Whether you love labels and have a wardrobe to die for, or even if you just like to keep your clothes stored neatly, a walk in closet is a covetable addition to any home. With careful space planning and a little forethought, getting one that’s the envy of Carrie Bradshaw is easier than you might think. Here are 9 top tips you need to know before going any further…
Consider stealing some inches from the footprint of an existing room – space under eaves can be sectioned off for example, with drawers against the short wall and hanging space against the new full height partition. Or if you’re extending your home to incorporate a new bedroom or bathroom, plan the layout a little more carefully and include some clever storage space too. Thinking ahead can save time, money, and help you make best use of the space.
You can always put an extra set of drawers in the bedroom but you can’t hang your clothes there. Separate short and long garments and measure how many metres of hanging space you need for each, then add 20% more. An average 2.2m ceiling height will allow for two rows of short hanging, one above the other, or one row or long hanging with shelves or drawers underneath.
Shelves above hanging rails or doors can be used to accommodate less frequently used items (hat boxes, say) and a set of closed cupboards will protect more expensive garments from dust. Install a set at the end of a long walk in wardrobe, and use mirrored doors to maximise the feeling of space.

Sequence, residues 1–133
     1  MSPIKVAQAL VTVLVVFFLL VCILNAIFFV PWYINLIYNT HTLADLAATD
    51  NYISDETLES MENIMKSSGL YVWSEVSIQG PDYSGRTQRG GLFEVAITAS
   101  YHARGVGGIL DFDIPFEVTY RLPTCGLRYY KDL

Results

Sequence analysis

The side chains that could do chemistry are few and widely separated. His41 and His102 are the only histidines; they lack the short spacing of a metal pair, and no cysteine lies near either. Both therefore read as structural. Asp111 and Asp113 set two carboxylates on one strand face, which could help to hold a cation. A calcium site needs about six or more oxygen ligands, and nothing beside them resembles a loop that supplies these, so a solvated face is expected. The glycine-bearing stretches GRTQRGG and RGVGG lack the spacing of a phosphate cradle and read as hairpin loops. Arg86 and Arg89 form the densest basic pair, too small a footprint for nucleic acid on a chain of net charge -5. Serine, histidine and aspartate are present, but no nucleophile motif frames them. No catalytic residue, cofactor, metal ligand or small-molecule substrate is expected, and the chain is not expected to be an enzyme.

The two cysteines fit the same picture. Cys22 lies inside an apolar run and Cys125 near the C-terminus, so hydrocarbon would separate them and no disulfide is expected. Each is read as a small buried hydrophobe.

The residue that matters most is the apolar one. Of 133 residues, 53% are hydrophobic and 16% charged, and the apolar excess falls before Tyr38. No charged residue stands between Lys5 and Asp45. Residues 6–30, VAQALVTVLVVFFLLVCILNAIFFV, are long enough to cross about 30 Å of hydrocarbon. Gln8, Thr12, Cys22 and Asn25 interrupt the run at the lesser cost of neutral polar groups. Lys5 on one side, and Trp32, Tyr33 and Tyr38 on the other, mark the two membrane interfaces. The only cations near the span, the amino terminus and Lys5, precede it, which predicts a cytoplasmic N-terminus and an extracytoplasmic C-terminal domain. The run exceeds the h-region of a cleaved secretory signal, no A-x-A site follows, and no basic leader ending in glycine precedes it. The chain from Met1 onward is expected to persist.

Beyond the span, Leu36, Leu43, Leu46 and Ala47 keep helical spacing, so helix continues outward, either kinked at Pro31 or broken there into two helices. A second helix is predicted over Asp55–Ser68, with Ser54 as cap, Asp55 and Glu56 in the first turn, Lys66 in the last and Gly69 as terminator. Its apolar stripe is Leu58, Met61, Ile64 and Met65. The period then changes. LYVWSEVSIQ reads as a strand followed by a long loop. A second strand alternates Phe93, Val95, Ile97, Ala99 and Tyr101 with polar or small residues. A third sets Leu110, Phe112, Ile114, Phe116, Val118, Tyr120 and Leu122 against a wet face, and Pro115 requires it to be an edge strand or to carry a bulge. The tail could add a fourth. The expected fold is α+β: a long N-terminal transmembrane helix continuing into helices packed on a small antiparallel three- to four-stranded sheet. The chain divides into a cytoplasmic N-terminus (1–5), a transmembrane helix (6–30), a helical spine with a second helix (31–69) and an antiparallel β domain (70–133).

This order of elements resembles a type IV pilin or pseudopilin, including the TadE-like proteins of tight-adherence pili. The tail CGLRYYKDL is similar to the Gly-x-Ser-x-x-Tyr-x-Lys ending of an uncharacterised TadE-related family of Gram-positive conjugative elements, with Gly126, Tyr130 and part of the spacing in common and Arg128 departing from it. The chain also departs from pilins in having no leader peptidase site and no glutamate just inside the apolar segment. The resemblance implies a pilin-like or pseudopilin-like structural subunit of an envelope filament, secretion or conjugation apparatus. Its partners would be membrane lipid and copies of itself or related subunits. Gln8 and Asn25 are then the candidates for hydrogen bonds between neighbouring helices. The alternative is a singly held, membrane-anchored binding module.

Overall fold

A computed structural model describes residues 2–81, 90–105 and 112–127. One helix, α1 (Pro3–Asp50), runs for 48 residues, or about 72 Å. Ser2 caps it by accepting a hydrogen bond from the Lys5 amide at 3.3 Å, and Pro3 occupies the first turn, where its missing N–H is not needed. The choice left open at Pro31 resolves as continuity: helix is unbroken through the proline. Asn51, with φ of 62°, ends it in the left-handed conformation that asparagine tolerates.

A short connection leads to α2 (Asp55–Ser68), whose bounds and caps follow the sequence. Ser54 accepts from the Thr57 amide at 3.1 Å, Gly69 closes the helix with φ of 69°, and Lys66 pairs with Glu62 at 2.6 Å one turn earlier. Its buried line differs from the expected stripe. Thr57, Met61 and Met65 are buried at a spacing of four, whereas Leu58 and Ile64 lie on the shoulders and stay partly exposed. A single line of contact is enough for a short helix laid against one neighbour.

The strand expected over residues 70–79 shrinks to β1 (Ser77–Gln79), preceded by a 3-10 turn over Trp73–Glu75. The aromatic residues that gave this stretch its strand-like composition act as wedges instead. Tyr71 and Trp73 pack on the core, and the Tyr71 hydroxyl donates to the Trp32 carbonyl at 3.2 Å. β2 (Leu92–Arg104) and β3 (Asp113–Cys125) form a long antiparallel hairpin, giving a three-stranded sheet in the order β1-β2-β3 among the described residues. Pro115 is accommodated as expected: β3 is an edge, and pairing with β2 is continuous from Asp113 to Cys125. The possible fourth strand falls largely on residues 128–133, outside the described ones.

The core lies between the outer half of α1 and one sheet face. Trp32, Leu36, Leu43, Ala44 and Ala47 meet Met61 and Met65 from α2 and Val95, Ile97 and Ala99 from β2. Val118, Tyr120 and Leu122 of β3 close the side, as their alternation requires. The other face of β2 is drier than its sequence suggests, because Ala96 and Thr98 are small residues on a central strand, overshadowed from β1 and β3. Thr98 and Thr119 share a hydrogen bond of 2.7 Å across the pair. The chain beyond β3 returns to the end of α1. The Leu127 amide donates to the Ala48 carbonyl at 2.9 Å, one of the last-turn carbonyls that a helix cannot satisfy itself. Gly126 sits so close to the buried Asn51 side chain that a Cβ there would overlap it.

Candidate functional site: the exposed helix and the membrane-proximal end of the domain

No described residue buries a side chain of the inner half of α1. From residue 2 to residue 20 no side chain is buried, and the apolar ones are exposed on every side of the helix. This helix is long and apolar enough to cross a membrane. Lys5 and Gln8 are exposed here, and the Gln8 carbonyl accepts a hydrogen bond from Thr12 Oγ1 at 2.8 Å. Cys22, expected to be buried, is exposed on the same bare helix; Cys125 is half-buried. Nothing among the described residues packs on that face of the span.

Shoe bars only work with heeled footwear, so instead choose flat shelves and see through plastic boxes, which are great for stacking and locating the right shoes at a glance.
Such as a pull out ‘shoe larder’ (similar to those found in kitchens) can stow multiple pairs in a narrow space, and mean shoes are stored separately.
Well-planned lighting shouldn’t cost more than 20% of the budget. LEDs give the best light for viewing garments, and spot lights can be adjusted.
Pocket doors or sliding doors won’t encroach on the storage space, and consider underfloor heating that ensures that valuable wall space remains free.
Look at modular systems or get a bespoke interior built. Budget from £500 per linear m for open storage with a melamine finish up to £1200 per linear m for full wardrobes with doors.
Drawers are more expensive than shelves, so folding and stacking garments such as jumpers can help to maximise your budget.
For more decorating, craft ideas and cleaning hacks don’t miss our dedicated DIY guide.
Have we inspired you to get organised with a nifty walk-in wardrobe? We would love to hear your thoughts.
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